In advance of our forthcoming annual conference, plenary speaker Professor Jacob Torfing, Roskilde University, Denmark, gives us a preview of his presentation on ‘how to lead and manage collaborative innovation’.
The current drivers of innovation in the public sector are easy to spot. Internal pressures from budgetary constraints, policy failures and rising professional ambitions of public employees as well as external pressures from demanding citizens and stakeholders, critical publics, inquisitorial mass media and political demand for enhancing the structural or systemic competitiveness of nation states in the face of globalization have all contributed to placing innovation at the top of the public sector agenda where it is likely to stay for quite some time.
Innovation can be defined as the development and implementation of new and creative ideas that creates some kind of step-change. As such, innovation creates new policies, services and organizational designs that break with common wisdom and established practices in a certain context. Multi-actor collaboration offers a promising method for spurring in public innovation. By bringing together public and private actors in collaborative processes the problem understanding is improved, the richness of ideas is increased, processes of mutual learning are encouraged and there is a good chance that participation will foster a joint ownership to the new and bold solutions.
However, given that the public sector has been dominated by bureaucratic logics emphasizing stability, hierarchical rule and specialized decision making and service production, and given the recent attempt of executive managers to incorporate a market-based logic based on competitive tendering of public service production, the idea that public innovation should be driven by trust-based collaboration between a plurality of public and private actors might appear unrealistic and far-fetched. However, there are also crucial drivers supporting the enhancement of collaborative innovation. The public character of the wicked and unruly problems confronting the public sector may encourage cross-sectoral participation and the absence of cut-throat competition makes interorganizational collaboration easier in the public sector than in the private sector.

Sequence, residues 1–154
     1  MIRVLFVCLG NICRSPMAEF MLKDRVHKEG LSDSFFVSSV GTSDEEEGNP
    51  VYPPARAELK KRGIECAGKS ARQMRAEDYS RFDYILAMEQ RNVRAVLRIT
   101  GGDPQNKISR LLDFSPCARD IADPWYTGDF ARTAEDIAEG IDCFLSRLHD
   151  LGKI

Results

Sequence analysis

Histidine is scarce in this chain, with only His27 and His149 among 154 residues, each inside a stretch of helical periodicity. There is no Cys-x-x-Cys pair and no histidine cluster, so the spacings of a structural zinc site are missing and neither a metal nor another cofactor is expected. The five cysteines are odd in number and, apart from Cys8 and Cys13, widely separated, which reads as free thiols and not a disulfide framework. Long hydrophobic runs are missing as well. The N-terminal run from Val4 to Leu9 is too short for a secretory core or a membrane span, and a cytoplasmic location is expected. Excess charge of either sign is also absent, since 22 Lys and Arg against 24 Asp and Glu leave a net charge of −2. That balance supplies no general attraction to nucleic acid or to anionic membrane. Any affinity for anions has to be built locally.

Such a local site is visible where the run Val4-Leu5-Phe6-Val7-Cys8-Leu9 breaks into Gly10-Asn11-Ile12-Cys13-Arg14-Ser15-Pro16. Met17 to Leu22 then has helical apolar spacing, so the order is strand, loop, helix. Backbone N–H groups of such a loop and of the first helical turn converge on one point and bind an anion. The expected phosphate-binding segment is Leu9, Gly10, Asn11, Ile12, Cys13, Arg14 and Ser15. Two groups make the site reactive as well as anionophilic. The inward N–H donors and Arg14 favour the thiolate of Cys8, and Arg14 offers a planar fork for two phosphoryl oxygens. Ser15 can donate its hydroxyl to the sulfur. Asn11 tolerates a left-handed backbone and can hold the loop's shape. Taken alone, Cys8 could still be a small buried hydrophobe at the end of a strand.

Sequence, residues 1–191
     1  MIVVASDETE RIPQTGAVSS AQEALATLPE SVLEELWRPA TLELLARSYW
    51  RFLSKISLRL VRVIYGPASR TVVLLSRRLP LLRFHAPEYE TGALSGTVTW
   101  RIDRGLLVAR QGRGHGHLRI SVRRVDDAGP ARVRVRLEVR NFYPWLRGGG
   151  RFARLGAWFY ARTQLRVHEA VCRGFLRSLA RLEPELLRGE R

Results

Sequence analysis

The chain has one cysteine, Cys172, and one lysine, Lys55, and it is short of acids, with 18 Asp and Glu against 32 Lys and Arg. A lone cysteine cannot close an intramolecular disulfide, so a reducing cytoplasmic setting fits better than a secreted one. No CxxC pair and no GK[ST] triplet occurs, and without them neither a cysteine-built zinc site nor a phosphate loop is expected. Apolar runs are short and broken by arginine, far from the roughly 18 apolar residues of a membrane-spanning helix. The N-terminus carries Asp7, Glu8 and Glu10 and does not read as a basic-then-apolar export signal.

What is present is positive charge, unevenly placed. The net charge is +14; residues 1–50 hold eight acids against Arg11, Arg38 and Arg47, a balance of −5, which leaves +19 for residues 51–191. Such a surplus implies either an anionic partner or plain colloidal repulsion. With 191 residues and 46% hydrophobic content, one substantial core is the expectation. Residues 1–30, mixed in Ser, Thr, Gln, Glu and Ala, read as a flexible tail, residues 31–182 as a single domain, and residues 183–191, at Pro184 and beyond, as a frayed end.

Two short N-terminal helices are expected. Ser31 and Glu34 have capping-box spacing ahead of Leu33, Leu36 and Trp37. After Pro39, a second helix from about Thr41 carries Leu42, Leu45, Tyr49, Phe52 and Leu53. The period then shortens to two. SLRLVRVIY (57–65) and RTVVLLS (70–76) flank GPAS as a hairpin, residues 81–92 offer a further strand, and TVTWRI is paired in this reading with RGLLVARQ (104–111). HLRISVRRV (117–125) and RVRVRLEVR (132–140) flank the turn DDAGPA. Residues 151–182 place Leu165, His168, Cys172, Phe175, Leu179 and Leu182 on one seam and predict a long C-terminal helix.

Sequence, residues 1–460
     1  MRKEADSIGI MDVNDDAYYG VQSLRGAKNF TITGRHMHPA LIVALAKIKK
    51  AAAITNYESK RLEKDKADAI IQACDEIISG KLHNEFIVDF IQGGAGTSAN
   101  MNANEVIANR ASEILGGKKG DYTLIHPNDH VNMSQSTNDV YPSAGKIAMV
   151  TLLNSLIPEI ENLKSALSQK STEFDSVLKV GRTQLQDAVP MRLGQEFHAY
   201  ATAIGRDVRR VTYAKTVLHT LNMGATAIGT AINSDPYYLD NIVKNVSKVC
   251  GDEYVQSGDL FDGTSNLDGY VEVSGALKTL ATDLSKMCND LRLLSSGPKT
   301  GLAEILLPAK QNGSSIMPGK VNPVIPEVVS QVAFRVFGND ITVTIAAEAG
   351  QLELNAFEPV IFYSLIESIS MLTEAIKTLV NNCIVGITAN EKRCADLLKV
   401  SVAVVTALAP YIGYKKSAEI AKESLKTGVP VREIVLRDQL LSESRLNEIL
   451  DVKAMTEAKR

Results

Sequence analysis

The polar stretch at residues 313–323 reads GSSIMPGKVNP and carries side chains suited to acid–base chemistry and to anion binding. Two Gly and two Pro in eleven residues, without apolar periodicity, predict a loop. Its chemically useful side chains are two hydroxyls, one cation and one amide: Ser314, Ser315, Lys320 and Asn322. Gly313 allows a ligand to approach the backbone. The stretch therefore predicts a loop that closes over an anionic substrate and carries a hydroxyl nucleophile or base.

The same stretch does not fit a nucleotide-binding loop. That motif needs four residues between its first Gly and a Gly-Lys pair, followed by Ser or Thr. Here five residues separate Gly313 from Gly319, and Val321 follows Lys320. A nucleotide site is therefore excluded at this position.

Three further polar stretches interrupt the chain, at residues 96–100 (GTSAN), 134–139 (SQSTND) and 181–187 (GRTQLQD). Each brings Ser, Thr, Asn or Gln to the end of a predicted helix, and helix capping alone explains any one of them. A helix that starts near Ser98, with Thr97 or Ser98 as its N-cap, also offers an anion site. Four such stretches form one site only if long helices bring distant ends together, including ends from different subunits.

Nevertheless, there are a number of barriers to collaborative innovation in the public sector. It is often difficult to get the relevant and affected actors to interact in a constructive way and the interaction may lead to conflict rather than collaboration. Even in well-functioning collaboratives there is no guarantee that collaboration will lead to innovation. Innovation management plays a key role in driving the process from interaction, via collaboration, to innovation. As such, public managers must play the role of conveners, facilitators and catalysts.
The role of the convener is to bring together the relevant actors and spur interaction in order to trigger an initial exchange of information, views and ideas. The role of the facilitator is to get the actors to collaborate and thus to manage their internal differences in a constructive manner and engage in processes of mutual learning that bring them beyond the least common denominator. The role of the catalyst is to create appropriate disturbances and encourage the actors to think out of the box and use the competences and capacities of the different actors to develop and implement new and bold solutions.
I shall elaborate on these points more during my presentation in Bristol.
Jacob is director of the Centre for Democratic Network Governance in The Department of Society and Globalisation, Roskilde University.